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The Railway Tariff.

We are glad to notice that some of the country districts at least are joining in the crusade against the new railway tariff. The Wakanui Road Board announces its intention of holding a public meeting on the 6th in the Wakanui schoolroom, and it would be wise if all the other Boards followed the example. The Longbeach Board has already done so, and we hope the meetings will be general. The simple signatures of the farmers to a memorial against the tariff are not enough, as men will often sign such memorials almost mechanically,, and without the least notion of what, they are doing. But a public at which the evils of the tariff have been explained, and the farmers have attended and expressed their feelings on the subject, both by speech and resolution passed, must be looked upon as a proper exponent of the feeling in the district; and the more of these meetings that are held the greater weight will any memorial drawn up and presented to Government have with the powers that be, and the more will the hands of any deputation sent on the subject be strengthened. We sincerely hope the agitation will not be allowed to drop, but that every schoolroom in the district will be the scene of a meeting, got up by the farmers in the immediate vicinity, to express their dissatisfaction with the unjust tax upon their grain that has been laid on by Government in the tariff drawn up by the recently removed General Managers, as a parting farewell by which the grain-growers of Canterbury may keep green the memory of their term of office.

Unstamped Beer.— The Beer Duty Act is being stringently enforced both North and South, and brewers in Wellington and Dunedin were to-day fined heavily for allowing beer to leave their premises without the stamps required by the Act. A publican was also fined for receiving beer that was not so stamped. Ashburton School. —From the report of the sitting of the Education Board in Christchurch yesterday, published in the Christchurch morning papers, we take the following:—A report .on the Ashburton school was read, showing that of 243 children presented for examination 92 passed. Yarious alterations in the arrangement of the buildings were stated to be necessary. The inspector found much room for unfavorable comment, many of the standards being far below the mark, and the state of the school generally, indicating loose management. It was resolved to forward a copy of the ‘ report to the chairman, of tiio committee, and to enquire if, in the opinion of the committee, an improvement can be effected under existing management. It was further resolved to reexamine the school in three months after the holidays.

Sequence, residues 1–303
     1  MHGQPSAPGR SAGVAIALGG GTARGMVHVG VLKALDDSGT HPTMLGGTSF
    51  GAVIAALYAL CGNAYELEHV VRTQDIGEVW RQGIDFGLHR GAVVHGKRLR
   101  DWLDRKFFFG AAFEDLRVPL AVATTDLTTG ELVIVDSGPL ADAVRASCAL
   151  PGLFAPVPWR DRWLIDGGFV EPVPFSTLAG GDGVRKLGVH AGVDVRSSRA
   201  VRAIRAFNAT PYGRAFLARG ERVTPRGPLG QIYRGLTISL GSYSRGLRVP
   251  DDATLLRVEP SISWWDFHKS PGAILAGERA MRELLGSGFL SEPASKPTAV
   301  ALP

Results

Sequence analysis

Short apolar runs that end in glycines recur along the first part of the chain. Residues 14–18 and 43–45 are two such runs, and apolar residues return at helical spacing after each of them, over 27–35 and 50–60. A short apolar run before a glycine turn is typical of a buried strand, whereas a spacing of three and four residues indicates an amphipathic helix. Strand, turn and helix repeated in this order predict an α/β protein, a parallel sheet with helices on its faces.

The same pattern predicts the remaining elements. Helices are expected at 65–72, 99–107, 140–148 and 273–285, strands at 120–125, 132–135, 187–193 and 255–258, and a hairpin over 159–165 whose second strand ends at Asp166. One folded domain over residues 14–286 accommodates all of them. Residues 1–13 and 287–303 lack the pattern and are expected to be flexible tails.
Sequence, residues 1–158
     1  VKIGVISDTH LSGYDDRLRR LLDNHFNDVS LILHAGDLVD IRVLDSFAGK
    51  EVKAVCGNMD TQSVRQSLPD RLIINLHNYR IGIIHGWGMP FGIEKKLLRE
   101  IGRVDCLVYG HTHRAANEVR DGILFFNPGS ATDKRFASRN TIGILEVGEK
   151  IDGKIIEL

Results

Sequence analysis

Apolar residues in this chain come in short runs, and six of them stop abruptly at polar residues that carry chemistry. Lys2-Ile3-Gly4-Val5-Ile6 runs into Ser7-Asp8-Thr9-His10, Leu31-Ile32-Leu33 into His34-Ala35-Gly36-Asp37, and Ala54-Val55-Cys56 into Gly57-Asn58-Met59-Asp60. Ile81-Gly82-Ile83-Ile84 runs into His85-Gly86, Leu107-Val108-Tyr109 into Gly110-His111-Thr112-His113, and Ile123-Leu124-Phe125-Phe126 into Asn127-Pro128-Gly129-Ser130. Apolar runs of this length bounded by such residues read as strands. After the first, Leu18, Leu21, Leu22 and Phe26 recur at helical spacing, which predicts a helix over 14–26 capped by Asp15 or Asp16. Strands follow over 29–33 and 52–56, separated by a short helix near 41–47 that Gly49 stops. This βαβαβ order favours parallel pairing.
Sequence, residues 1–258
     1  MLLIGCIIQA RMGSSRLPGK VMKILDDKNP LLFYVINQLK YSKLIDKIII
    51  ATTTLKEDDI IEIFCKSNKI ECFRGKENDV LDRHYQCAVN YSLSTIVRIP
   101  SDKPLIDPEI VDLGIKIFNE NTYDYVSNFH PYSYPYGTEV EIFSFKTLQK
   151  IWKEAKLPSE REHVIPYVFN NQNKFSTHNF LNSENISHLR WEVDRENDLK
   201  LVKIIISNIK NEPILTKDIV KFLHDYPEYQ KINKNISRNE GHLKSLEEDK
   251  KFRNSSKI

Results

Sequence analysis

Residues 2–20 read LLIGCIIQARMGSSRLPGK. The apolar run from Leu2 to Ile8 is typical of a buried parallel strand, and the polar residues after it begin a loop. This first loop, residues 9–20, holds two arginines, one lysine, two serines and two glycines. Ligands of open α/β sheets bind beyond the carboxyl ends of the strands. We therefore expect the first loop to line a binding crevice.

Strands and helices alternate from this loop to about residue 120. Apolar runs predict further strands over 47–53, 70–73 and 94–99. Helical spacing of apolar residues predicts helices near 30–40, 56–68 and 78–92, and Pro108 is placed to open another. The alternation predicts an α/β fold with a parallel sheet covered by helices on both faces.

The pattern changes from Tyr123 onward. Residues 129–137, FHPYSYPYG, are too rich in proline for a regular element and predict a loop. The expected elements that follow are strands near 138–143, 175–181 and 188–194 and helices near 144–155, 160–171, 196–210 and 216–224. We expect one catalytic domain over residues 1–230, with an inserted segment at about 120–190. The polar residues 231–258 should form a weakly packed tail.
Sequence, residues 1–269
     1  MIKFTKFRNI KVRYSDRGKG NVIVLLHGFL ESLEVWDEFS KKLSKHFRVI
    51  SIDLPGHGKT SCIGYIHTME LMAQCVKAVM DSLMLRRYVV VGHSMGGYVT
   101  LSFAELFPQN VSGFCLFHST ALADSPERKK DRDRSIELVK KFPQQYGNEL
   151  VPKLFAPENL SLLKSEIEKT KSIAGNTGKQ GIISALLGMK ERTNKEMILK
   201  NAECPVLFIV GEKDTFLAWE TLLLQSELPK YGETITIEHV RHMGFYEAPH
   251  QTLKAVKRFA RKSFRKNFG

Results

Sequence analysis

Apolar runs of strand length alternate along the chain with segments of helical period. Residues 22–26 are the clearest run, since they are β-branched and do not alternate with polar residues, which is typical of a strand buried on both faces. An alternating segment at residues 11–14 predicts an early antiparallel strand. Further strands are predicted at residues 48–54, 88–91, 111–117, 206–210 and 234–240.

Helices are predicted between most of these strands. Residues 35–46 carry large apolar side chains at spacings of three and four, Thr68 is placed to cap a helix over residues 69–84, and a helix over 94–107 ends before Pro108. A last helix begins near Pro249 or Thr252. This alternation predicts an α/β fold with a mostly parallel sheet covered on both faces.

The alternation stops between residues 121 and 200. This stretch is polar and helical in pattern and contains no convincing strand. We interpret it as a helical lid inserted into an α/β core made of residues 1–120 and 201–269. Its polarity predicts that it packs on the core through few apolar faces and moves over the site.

The Old Men’s Home.—The Charitable Aid Board" have accepted the tender of Mr. W. C. 'Davis, Ashburton, for limewashing and painting the Old Men’s Hopie, at Lll 10s. qlt is intended,.if possible, to give the annual feast at Christmas to the inmates of the Home, and we' are requested to state Master of the Home glad to.reoeiye. subscriptions towards a fund for that purpose.

The Dunedin Cup. Foul Play and Natator ha"e been scratched for the big handicap of our southern neighbors. A Month for Having Convulsions. — A sort of chronic charge has stood for two or three years in the Ashburton and Christchurch Courts against a man named W. H. Strange. ...He is a habitual drunkard, and, like most habitual drunkards, neglects his wife and family, who are thus left to shift for themselves.

In 1878 he was before A. LeGrand Campbell for neglecting to support his wife and family, and an order was made for him to contribute. We next heard of him a month after, when, charged. with assaulting his wife, he was bound over to keep, the peace for six months, finding a, surety of LSO. Since then he has appeared in the Christchurch and Ashburton Courts on various charges of neglect of Iris family. Last Tuesday he was again before the Court for neglecting to obey an order of the Christchurch Court to pay for the support of his wife and family. lie pled hard for leniency, and promised to go to work and send money as soon as possible. How he lias fulfilled that promise was explained in the Court this morning before the Mayor and Mr. Cox. Instead of going to work, Strange got drunk, was found, intoxicated by Constable Smart, who tried to apprehend him. Strange was violent, and the. constable had to procure aid. In explaining the circumstances to the Court Strange denied having been, drunk ; he was subject to convulsions, when be took a very small quantity of liquor, and it was in one of these (its of convulsions that Ie struggled with the constable. The Court thought convulsions of Strange’s sort wore dangerous to the community, and put Strange and his convulsions in charge of the Gaolor for a month, the tendency to convulsions to be lessened if possible by hard labor.

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Bibliographic details

The Railway Tariff., Ashburton Guardian, Volume 2, Issue 207, 3 December 1880

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The Railway Tariff. Ashburton Guardian, Volume 2, Issue 207, 3 December 1880